Author: Malinda Lo
Publisher: Hodder Children's Books
Genre: Fairy Tale/ Fantasy
Source: Purchased for YA Lit Class
In the wake of her father's death, Ash is left at the mercy of her cruel stepmother. Consumed with grief, her only joy comes by the light of the dying hearth fire, rereading the fairy tales her mother once told her. In her dreams, someday the fairies will steal her away, as they are said to do. When she meets the dark and dangerous fairy Sidhean, she believes that her wish may be granted.The day that Ash meets Kaisa, the King's Huntress, her heart begins to change. Instead of chasing fairies, Ash learns to hunt with Kaisa. Though their friendship is as delicate as a new bloom, it reawakens Ash's capacity for love-and her desire to live. But Sidhean has already claimed Ash for his own, and she must make a choice between fairy tale dreams and true love.Entrancing, empowering, and romantic, Ash is about the connection between life and love, and solitude and death, where transformation can come from even the deepest grief.
This is not your mom's Cinderella. This is certainly not the Disney's Cinderella you grew up with. This is not even the Cinderella that the Brothers Grimm pulled from Germany complete with all of the blood and violence all those many years ago...No.This is an entirely different story with hints (okay...maybe loud screaming similarities) that allude to the common knowledge story of Cinderella. In addition to the typical fairy tale, there is a full on mixture of Celtic/Norse mythology that is almost as central to the main plot as the Cinderella version. The resulting story has little resemblance to anything we've seen before, though it does draw a lot from the two differing sources. There are so many interesting things about this book that I don't know where to start. It is truly a very different kind of thing than I am used to.
The setting/time is odd. Like most fairy tales, there is no specific time or place. There is "the old country" and random villages, and lots of forests and big cities and "the southern border" but there are no specific landmarks and places. This definitely gives it a surreal kind of atmosphere since you can't exactly pinpoint when and where it takes place. I think this is so that anyone from any country can imagine that it's occurring in their country...I also like how it has some cool religion/science things that are taking place. In our world, mythology was chased away and condemned first by religion and then by science. In this world, the mythology is chased away by a weird scientific religious group who fight myth with logic. I just know that there is something intelligent and smart in there that says something profound about history or culture or something...but I don't really feel like being all analytical and I'll just say that I thought it was neat.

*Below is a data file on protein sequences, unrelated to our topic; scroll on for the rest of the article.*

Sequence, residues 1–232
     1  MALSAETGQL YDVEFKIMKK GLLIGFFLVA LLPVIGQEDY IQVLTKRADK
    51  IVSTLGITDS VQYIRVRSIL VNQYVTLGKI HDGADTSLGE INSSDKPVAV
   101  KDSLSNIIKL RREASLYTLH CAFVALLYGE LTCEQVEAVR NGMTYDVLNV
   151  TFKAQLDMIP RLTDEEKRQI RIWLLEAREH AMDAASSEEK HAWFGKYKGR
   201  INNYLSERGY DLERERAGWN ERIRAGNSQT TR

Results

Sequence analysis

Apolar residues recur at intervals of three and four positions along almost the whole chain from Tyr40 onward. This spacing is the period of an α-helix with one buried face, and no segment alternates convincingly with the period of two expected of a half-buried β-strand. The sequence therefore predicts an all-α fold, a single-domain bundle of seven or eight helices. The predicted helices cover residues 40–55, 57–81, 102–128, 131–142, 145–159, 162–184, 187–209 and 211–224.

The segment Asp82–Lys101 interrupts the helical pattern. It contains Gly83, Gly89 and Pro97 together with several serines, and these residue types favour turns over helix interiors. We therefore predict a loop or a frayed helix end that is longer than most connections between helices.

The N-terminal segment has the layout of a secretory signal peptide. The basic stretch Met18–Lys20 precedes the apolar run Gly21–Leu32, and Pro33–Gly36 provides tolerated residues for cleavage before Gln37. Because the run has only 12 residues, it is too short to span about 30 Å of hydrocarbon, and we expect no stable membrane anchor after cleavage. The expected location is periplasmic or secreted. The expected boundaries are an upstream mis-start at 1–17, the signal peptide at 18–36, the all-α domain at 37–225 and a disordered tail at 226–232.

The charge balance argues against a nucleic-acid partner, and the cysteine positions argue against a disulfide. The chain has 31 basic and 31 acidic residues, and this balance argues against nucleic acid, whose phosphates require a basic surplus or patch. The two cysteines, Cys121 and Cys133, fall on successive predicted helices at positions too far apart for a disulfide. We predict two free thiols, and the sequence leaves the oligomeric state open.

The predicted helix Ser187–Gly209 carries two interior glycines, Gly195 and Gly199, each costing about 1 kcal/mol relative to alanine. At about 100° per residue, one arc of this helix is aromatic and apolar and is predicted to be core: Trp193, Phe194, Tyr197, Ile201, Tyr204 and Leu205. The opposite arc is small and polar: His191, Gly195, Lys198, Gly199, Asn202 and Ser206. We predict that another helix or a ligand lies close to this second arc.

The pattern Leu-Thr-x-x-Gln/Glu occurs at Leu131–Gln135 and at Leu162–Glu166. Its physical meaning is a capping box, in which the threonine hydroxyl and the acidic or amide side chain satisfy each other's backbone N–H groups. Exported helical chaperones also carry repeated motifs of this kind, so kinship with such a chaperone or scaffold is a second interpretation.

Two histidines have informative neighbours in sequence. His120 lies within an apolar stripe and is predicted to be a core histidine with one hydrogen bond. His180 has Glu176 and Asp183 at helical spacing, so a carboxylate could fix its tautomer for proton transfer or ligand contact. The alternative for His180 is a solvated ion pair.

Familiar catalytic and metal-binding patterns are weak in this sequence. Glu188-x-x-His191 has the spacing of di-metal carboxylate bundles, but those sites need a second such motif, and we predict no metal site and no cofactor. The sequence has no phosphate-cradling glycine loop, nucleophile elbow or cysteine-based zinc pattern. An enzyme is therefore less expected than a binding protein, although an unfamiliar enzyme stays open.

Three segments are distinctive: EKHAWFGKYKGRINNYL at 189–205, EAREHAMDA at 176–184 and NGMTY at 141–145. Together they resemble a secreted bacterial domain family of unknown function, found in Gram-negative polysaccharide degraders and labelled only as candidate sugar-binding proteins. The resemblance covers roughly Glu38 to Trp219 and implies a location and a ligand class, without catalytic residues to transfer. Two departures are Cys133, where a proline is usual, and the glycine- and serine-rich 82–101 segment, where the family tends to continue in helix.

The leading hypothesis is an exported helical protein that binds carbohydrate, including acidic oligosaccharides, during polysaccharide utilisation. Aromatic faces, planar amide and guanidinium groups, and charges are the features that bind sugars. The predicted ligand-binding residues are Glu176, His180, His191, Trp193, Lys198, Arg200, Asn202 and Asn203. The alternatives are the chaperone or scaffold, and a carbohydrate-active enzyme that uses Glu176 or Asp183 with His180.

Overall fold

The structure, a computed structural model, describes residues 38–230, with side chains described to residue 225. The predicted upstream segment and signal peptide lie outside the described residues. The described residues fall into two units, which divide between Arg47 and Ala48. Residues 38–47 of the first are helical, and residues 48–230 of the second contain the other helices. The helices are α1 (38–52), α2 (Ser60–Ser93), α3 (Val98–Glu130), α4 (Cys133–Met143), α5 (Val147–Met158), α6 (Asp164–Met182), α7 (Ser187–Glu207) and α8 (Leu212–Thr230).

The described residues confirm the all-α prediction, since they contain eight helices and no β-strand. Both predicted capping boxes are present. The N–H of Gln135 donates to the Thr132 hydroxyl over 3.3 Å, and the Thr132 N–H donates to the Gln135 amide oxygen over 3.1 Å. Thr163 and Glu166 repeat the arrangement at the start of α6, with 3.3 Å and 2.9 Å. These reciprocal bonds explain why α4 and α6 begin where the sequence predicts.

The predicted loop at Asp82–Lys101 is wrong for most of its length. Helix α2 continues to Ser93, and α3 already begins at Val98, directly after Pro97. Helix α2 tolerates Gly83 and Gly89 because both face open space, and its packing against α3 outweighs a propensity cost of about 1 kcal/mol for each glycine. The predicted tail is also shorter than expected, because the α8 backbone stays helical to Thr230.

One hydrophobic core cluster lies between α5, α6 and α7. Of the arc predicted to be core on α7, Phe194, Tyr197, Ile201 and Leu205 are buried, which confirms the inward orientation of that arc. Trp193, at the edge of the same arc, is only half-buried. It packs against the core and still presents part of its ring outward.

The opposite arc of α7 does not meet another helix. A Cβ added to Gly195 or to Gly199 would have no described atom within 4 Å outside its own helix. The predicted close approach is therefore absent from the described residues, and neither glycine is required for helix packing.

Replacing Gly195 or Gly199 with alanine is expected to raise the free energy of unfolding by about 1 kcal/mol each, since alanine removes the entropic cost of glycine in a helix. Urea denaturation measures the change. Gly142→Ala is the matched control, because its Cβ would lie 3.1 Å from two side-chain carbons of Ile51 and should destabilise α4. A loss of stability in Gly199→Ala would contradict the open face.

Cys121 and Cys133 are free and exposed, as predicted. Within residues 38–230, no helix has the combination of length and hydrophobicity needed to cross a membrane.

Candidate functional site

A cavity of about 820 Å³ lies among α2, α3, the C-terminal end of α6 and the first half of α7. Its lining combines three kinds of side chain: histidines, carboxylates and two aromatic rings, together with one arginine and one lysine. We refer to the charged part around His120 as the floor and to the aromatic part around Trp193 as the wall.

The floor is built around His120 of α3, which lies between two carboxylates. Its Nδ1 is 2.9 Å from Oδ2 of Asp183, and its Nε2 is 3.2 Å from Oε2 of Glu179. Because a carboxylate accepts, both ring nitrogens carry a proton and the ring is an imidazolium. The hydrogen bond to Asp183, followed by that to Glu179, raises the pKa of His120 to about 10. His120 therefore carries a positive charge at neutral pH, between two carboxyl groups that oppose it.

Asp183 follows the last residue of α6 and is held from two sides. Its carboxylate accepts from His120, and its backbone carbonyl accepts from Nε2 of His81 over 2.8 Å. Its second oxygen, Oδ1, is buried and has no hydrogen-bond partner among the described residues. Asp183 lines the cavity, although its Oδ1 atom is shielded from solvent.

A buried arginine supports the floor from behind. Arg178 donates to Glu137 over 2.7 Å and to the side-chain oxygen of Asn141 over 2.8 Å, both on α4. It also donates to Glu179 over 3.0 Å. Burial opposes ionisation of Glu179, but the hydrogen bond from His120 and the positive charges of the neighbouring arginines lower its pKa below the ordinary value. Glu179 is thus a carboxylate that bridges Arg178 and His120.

A really interesting addition to this story is a huntress figure. I was thinking about it, and we don't have any really strong women figures in popular literature. Before all of you jump down my throat and tell me about all the kick-ass heroines in Urban Fantasy and what about Katniss? She's strong! Well, think about the best sellers on Amazon. There are probably 4x the amount of male protagonists who kick ass thank females. Even if there is a good heroine, she usually is klutzy, or weak in some other way. I'm not saying those aren't great books or that there aren't strong female leads out there, but in the popular branch of literature, females aren't supposed to be strong. They're supposed to be cute, spirited,and have gorgeous bodies. Even the Hunger Games, which is extremely popular right now, and has one of the most fantastic female MC's ever, has sold roughly 1/9 of the books that Twilight has. Why does a MC who is klutzy, irresponsible, and vaguely pathetic (sorry guys...I love twilight too, but I'm just being honest) beat out a MC who kicks ass, kills people (though nicely), and saves an entire world? I'm not sure, but that's America for you...I'm not sure about roughtly 98% of the things other Americans do.
Sorry..I got mildly off topic there...so generally speaking, there are not very many popular and strong main characters, especially in traditional fairy tales. I liked that this book had two very strong lead female characters. There is a very understated, but prominent theme that females are strong. Through the Huntress (in all f her different incarnations) there is this powerful representation that women and girls can be great. I thought it was very clever to include such strong and daring characters when the original "disneyfied" characters were all about being rescued by their princes. It was even kind of cool to see the younger step-sister talk to Ash about womens roles. She didn't outright talk about womens rights, but she told Ash not to mock those whose only dreams were of getting married. It's true that being a Stay-at-home mom can be tough. There are all sorts of expectations put on you that make it like a full time job, and some girls want that. It was pretty cool to see both types of women present in this book.
The "Faerie" part of this story was the character Sideon, who took the place of both a fairy god-mother and an almost love interest. Both he and the fairies in general felt weird in the context of the other cinderella/huntress story. It was like there were two seperate stories going at the same time and they were barely tied together. I kind of felt like I was watching Ever After on one TV and some random fey story on the other. It blended together better after the huntress showed up, but still...it was odd. Ash is really conflicted when it comes to choosing between the fey and Sideon or court and the huntress. She is a kind of confused character, but she is kind and sticks to her guns when she is in bad situations which made me grudgingly like her.